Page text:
What do home educated children do post 16?(17 Posts)
I am increasingly interested in home ed but don't know anyone IRL who does it (friend's GC are HE'd but they are only 10 and 12). I'm really interested in what kids who are home educated are choosing to do post 16 and how easy/difficult they find it to get where they want to go. I suspect universities might like HE kids?
Not really convinced that I want my kids to be part of the factory that is state education...(they are only little and we are definitely sending the eldest to school to see how it goes), but I'm not sure I'll be keeping them in.
Can anyone suggest some further reading about HE?
Thank you x
I haven't forgotten this-but was waiting till I go to my PC to reply.
My phone misinterprets my words too often for my liking!
The answer in short is "What ever they want to do"
FE College or continue home educating with maybe Open University/A levels if wanted or needed, depending on the young person.
Then University, employment or self employment. My own three are at University level now, as are the vast majority of their peers although a few have gone straight to employment or self employment.
I am not going to go into detail here as I am aware my words on this subject become twisted. I'll send you a PM or you or anyone else can come over and join the [https://www.facebook.com/groups/126977567388843/ [mumsnet FB page]] if you are a FaceBooker and we can talk more freely there.
sorry link went wrong -note to self 'preview' reply before sending!
mumsnet FB page
LOOOOOOOONNGG reply by PM in your inbox AlanMoore
Thanks so much to Julie for the very interesting and helpful PM
That is brilliant! I have done AA100 myself and thought that it would have been much better than flippin' A levels.
How is your DD finding her degree? I would imagine she has been much less daunted by it than she may have been if she'd followed a traditional school route. A six month exchange at 14 is very impressive, I did a much shorter one at 15 and it was a great experience.
Shame OU fees have risen so dramatically, but I couldn't realistically register my 2 year old before transitional arrangements finished
Thanks SDeuchars for the OU post, I read the amazing experience and I wish I had known this before. I will tell friends.
DD1 has gone to college this year at 16 but I very much suspect DD2 will stay in home ed until at least 18!
One thing DD2 and I have discussed is taking an extra year for what would normally be GCSE education and doing the GCSEs over more years. She is an August birthday - a few days younger and she would be in the year below anyway. We all feel she would benefit from an extra year at this stage of her education so we've decided not to be dictated to by some arbitary government date which puts her in one year instead of another.
After that I think we may look at open university. It's something I know very little about but there's a world of information out there and I know some home educators going down the OU route this year with their children who are DD1's age. SDeuchars I will read up on all your info!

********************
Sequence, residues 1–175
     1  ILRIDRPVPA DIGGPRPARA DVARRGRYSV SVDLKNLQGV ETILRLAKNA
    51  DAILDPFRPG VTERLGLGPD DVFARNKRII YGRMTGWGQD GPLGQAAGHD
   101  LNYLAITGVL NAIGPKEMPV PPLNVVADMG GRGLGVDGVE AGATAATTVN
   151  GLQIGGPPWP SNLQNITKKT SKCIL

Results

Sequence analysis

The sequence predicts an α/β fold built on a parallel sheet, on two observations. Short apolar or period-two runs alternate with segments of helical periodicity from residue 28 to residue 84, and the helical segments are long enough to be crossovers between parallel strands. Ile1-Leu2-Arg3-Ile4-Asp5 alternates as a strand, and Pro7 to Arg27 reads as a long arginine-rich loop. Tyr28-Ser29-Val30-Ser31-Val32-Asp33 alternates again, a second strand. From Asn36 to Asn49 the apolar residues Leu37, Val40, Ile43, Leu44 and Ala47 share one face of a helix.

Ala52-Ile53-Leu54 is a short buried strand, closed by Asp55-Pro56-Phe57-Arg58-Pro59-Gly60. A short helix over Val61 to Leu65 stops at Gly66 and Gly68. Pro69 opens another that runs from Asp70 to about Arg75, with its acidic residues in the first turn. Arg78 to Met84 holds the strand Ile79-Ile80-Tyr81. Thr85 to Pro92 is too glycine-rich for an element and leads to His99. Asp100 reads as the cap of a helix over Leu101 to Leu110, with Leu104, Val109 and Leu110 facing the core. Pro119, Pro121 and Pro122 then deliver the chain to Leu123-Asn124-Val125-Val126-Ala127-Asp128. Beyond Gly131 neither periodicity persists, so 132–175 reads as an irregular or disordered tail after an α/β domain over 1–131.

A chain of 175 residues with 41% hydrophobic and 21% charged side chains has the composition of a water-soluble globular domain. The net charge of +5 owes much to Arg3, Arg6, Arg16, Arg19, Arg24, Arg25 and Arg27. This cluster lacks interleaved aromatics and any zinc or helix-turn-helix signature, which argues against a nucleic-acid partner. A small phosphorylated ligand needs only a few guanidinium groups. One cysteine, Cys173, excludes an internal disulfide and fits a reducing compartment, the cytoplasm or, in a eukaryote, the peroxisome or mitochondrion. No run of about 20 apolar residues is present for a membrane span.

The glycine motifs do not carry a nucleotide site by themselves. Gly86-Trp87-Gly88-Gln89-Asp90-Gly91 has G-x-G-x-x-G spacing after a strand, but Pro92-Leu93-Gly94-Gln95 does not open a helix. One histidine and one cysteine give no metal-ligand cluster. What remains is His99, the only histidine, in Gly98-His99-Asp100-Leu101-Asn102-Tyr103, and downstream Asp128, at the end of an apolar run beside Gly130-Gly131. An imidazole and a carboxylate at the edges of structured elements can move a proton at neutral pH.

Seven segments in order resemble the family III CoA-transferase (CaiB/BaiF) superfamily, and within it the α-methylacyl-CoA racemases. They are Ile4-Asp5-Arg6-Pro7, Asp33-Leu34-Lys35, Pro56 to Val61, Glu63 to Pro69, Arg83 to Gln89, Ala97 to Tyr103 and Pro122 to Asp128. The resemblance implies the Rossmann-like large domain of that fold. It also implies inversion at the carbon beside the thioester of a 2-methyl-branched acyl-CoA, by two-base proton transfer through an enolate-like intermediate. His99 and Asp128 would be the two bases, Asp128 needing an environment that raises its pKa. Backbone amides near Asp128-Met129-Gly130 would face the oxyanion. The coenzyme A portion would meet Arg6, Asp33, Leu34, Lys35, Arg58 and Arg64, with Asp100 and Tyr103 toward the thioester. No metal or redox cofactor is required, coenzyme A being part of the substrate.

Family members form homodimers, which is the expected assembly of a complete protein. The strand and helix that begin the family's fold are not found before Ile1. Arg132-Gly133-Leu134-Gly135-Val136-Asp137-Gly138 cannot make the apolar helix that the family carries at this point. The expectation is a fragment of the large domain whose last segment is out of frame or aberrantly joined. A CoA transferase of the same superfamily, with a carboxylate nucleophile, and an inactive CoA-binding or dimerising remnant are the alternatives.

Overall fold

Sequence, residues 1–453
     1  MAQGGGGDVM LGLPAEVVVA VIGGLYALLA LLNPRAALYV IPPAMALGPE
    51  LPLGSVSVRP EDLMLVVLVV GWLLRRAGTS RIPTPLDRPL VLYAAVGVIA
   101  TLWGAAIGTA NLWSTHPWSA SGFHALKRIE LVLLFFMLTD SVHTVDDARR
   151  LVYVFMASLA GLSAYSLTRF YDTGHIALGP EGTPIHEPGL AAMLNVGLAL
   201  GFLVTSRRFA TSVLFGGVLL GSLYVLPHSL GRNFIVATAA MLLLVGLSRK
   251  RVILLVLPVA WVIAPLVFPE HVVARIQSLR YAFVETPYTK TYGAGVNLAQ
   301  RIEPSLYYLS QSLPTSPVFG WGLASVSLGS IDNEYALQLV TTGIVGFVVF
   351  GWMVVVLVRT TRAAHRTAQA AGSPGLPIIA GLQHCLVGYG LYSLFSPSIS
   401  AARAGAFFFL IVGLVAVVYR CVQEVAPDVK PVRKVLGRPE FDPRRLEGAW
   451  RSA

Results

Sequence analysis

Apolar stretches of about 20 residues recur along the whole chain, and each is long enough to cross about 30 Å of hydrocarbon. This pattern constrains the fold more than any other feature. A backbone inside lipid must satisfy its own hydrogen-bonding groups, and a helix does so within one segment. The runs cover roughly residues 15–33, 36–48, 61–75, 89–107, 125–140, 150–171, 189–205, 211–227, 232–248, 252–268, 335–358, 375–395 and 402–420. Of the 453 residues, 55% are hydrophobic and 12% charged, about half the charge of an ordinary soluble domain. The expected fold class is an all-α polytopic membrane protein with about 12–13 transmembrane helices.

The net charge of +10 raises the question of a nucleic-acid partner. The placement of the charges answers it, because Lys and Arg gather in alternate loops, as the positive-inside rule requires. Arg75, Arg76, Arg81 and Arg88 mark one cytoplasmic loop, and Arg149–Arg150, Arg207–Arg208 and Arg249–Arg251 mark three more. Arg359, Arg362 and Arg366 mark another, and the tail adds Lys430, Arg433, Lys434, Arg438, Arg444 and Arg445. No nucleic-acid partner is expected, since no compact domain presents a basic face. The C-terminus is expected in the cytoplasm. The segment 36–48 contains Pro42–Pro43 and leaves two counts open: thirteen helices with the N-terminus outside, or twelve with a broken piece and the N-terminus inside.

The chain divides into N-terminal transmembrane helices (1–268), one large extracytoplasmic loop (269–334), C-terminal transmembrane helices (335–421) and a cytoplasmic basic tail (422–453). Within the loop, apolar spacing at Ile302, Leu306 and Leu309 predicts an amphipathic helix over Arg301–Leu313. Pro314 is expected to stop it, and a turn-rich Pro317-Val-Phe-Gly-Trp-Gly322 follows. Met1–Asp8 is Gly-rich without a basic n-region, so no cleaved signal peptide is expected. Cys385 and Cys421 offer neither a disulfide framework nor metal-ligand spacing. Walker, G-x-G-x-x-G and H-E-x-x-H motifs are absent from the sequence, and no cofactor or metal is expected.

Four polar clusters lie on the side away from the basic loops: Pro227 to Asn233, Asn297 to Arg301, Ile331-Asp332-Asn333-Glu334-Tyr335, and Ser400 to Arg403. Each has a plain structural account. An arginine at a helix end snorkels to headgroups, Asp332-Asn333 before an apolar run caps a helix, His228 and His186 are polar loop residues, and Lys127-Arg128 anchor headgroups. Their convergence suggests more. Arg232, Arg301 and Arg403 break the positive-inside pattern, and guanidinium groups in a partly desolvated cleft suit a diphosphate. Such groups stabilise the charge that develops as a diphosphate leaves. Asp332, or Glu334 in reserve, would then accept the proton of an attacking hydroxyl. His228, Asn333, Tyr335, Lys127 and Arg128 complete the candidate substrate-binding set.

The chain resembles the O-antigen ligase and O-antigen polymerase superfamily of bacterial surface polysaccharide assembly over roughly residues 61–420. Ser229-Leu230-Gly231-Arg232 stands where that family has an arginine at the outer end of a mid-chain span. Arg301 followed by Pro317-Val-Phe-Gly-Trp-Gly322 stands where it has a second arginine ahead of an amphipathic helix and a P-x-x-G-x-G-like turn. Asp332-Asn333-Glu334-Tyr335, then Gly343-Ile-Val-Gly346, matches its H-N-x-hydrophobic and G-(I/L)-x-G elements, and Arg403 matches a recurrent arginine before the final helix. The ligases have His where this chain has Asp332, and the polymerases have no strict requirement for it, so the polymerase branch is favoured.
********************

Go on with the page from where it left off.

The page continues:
Something DD1 discussed before choosing college was the possibility of getting a part time job and using the money to spend the rest of the time doing lots of extra dance classes, as that is where her passion is. It is hard to fit in her dancing on top of college and although she is doing dance for A level and BTech, the standard is much lower than what she does privately. She's enjoying college and is happy she tool that route, but I think the part time work/ part time furthering interests idea would have been a very valid one.
Not so stealthy boast: DS visited a university engineering department yesterday and has an (only verbal so far) offer of a place for the autumn, conditional only on passing A-level Maths.
Apparently the tutor was really interested in and enthusiastic about his home ed experience. He was having some difficulty trying to work out "equivalences" between OU courses and A levels (but DS helped him, LOL). He thought it good that DS had a wide range of experience and could think outside the box.
Thanks for replies! Really encouraging. HE is a serious contender so it's good to read.
Just to update, DS got his AS Maths result today and has achieved an A grade!
He has an interview at one Russell Group uni on Saturday. Their letter acknowledged his non-standard qualifications and they will be making him an offer for October.
The Russell Group uni that told him in January that they were not proceeding, came back last week and said that they'd like him to apply for another course, to which he has said yes. So we expect an invitation to another interview and another offer.
Yay for your DS SDeuchars! I cannot tell you how encouraging I find your posts (and those of people like Julienoshoes). It is so encouraging for those of us with younger DC. The fact that it is possible to have this lovely life of home ed and a great future too is so inspiring!
Wow, well done to him! As I suspect DD2 will choose alternative routes over A levels (I can't see her enjoying a return to schooll) it's incredibly encouraging. Keep us posted over what he eventually chooses. And congrats again!
My son home educated from the start now nearly 20 is writing computer programmes and playing with various musician friends. The former is a better source of revenue than the latter.
DD did A Levels from home. No problem at all. Same as doing GCSE's from home.
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